Maine diocese’s food distribution ministry connects farmers with jobless residents,…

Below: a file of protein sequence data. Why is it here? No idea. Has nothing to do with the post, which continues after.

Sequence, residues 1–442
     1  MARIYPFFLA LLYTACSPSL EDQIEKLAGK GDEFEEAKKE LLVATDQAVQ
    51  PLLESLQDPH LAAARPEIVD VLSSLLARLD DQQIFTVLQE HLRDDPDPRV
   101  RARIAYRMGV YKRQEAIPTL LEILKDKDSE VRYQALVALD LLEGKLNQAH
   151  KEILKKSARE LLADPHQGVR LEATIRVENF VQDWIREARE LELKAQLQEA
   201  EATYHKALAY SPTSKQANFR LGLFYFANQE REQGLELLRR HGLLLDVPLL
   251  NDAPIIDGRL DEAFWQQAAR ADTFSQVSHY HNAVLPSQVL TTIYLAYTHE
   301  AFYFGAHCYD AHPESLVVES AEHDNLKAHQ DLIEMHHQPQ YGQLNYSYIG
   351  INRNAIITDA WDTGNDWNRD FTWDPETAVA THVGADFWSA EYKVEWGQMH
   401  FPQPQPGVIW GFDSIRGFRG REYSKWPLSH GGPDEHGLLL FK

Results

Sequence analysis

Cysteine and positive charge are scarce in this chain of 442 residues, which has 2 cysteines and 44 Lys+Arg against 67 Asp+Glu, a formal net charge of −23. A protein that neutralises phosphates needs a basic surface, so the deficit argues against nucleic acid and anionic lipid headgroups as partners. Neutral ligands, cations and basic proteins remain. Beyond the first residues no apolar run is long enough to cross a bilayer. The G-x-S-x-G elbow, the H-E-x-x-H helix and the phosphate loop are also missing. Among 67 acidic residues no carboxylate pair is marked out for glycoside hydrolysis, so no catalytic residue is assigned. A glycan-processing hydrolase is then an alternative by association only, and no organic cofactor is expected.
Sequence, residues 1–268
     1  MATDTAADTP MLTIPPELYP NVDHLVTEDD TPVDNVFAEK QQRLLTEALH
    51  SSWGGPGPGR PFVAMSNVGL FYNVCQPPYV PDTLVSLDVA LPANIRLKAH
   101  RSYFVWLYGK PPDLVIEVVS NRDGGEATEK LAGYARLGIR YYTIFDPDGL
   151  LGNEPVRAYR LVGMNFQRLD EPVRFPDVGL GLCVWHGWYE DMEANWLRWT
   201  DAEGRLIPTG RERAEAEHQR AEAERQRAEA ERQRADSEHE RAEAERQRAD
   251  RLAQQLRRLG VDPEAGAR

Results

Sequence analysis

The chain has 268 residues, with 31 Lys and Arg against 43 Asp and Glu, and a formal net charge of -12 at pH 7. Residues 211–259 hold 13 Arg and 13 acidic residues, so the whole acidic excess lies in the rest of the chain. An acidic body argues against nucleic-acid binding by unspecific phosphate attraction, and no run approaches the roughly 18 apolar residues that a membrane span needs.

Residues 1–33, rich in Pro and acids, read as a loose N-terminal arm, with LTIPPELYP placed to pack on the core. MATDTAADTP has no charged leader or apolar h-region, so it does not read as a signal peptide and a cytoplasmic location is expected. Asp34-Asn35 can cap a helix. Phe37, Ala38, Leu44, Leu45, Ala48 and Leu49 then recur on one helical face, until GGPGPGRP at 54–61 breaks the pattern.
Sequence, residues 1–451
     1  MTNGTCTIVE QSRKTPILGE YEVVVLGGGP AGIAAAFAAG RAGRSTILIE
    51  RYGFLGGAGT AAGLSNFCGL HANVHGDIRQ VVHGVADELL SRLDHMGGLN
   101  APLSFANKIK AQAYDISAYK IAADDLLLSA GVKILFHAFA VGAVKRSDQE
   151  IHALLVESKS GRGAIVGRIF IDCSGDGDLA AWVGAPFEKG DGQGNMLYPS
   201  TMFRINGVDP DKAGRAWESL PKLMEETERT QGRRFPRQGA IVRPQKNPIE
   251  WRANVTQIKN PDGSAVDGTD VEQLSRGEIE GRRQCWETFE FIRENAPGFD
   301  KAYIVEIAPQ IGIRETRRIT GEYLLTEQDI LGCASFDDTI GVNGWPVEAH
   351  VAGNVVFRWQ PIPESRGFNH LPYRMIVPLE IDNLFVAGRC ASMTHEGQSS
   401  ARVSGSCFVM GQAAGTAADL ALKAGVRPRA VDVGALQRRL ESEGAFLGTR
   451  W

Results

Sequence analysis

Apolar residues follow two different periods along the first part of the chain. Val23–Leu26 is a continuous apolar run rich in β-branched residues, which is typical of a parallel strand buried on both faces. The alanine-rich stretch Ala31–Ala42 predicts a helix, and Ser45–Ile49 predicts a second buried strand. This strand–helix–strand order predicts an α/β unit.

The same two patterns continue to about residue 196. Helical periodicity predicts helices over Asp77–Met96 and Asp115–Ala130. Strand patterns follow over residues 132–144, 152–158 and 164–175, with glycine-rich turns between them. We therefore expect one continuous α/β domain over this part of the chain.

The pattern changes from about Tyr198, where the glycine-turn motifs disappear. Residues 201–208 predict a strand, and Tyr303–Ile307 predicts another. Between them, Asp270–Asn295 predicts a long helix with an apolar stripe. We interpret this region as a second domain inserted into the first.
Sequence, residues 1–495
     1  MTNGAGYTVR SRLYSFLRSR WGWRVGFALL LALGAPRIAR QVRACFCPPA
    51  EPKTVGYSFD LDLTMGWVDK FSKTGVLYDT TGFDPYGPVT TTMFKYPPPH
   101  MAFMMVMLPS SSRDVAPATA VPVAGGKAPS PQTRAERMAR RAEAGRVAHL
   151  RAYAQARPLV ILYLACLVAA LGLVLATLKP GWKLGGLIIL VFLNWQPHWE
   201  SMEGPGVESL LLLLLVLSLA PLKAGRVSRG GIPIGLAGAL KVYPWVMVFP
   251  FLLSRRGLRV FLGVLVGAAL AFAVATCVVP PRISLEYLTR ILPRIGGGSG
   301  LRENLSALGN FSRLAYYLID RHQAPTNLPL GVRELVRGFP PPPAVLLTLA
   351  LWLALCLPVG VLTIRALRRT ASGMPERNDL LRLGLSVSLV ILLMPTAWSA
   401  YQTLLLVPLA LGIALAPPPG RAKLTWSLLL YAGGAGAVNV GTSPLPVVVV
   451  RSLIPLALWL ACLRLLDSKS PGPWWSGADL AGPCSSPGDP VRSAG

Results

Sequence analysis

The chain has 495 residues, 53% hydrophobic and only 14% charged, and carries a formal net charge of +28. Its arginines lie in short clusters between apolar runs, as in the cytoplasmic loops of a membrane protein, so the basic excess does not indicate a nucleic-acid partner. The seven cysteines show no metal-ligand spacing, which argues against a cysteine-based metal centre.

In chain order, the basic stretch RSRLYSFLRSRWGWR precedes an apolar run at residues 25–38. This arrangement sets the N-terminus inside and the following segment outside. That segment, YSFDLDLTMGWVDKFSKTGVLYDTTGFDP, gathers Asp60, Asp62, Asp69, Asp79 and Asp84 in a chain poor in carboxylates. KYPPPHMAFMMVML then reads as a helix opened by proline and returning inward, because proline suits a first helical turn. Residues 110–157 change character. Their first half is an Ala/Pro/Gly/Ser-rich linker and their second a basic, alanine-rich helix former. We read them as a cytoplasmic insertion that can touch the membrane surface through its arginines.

first_img Assistant/Associate Rector Washington, DC Rector Martinsville, VA AddThis Sharing ButtonsShare to PrintFriendlyPrintFriendlyShare to FacebookFacebookShare to TwitterTwitterShare to EmailEmailShare to MoreAddThis TryTank Experimental Lab and York St. John University of England Launch Survey to Study the Impact of Covid-19 on the Episcopal Church TryTank Experimental Lab Assistant/Associate Rector Morristown, NJ COVID-19, Food and Faith Seminary of the Southwest announces appointment of two new full time faculty members Seminary of the Southwest Submit an Event Listing Bishop Diocesan Springfield, IL An Evening with Presiding Bishop Curry and Iconographer Kelly Latimore Episcopal Migration Ministries via Zoom June 23 @ 6 p.m. ET In-person Retreat: Thanksgiving Trinity Retreat Center (West Cornwall, CT) Nov. 24-28 [Episcopal News Service] The Diocese of Maine and Episcopal volunteers have been key players this summer in a solution to two parallel problems brought on by the coronavirus pandemic: Maine farmers’ unsold surplus food, particularly potatoes, and unemployed state residents’ struggles to put food on the table.With the help of federal COVID-19 relief money, the diocese has served as a sort of intermediary, accepting large shipments of individually boxed agricultural goods from northern Maine and then getting them into the hands of people who need them in the southern part of the state. Church volunteers have now helped distribute thousands of boxes of food, and more are expected if the federal program is extended this fall.“It’s not a small initiative,” Bishop Thomas Brown told Episcopal News Service. The feeding ministry involves “major systems, companies, agencies, people coming together to do a lot of good.”It all started with a glut of Maine potatoes, said John Hennessy, the diocese’s director of advocacy and networks.In the spring, diocesan officials learned from a parishioner that northern farmers were suffering from processors’ reduced demand for potatoes. About 65% of Maine’s potatoes are processed, according to the Portland Press Herald, meaning they end up as french fries, potato chips and other fast-food items sold at restaurants and ballparks. When those businesses closed or cut back due to the coronavirus, the farmers were willing to sell the potatoes at a loss.Initially, the diocese raised about $3,000 in donations to buy 30,000 pounds of potatoes – “almost a tractor trailer full,” Hennessy said – and Episcopal officials contacted food pantries in the more populated communities in southern Maine to receive them.Those initial connections established the structure for a more robust feeding ministry through the Coronavirus Food Assistance Program, administered by the U.S. Department of Agriculture. Since April, the program has provided “direct relief to producers who faced price declines and additional marketing costs due to COVID-19,” according to the department, and about $3 billion of that relief is being distributed through its Farmers to Families Food Box Program.The family-sized food boxes are filled by food producers, who are reimbursed by the federal government. The boxes are distributed by the farmers’ community partners, such as food pantries, faith-based organizations and other charity groups. The Episcopal diocese is among the participating organizations in Maine.“None of this was costing the diocese any money,” Hennessy said, only the time and effort to coordinate distribution and line up volunteers.Each food box has contained about 18 pounds of Maine farm products: 5 pounds of raw potatoes and 6 pounds of frozen mashed potatoes, as well as 3 pounds of cheese and a half gallon of milk, Hennessy said. The diocese arranged for delivery locations, such as the parking lots of municipal buildings, and the boxes arrived in refrigerated trucks. The distribution events were advertised locally, and residents interested in receiving the food could pull up and have volunteers place the food boxes in their car trunks.It has been welcome assistance at a time when Maine’s unemployment rate is at nearly 10% and tens of thousands of workers in the state are receiving jobless benefits.“Many families in the greater Biddeford area are continuing to face food insecurity and other economic challenges associated with COVID-19,” Biddeford Mayor Alan Casavant told News Center Maine after a July distribution in his coastal community, just south of Portland. “Thanks to this program, many more York County residents in need will have a simple way to access fresh, locally grown food.”Hennessy estimates the diocese has helped distribute about 4,500 such boxes to people since July, and last week, an additional 800 boxes filled with fruits and vegetables were distributed separately.The diocese’s effort follows other ministries connecting food producers with food consumers in need. St. Francis by the Sea Episcopal Church in Blue Hill, for example, began this year organizing a bulk lobster buy so parishioners could purchase lobster and support a local lobsterman.The diocese’s current round of food box distribution has wrapped up, Hennessy said, but he anticipates it will resume in the fall.The diocese also has money remaining from its fundraiser for the initial potato purchase. It hopes to create a long-term anti-hunger program in the state, when the federal money eventually runs out for good.“There will always be a need for neighbors to be helping neighbors,” Brown said, “and the more that The Episcopal Church in Maine can be known as a community of followers of Jesus who are committed to helping one another, it seems the more faithful we will be.”– David Paulsen is an editor and reporter for Episcopal News Service. 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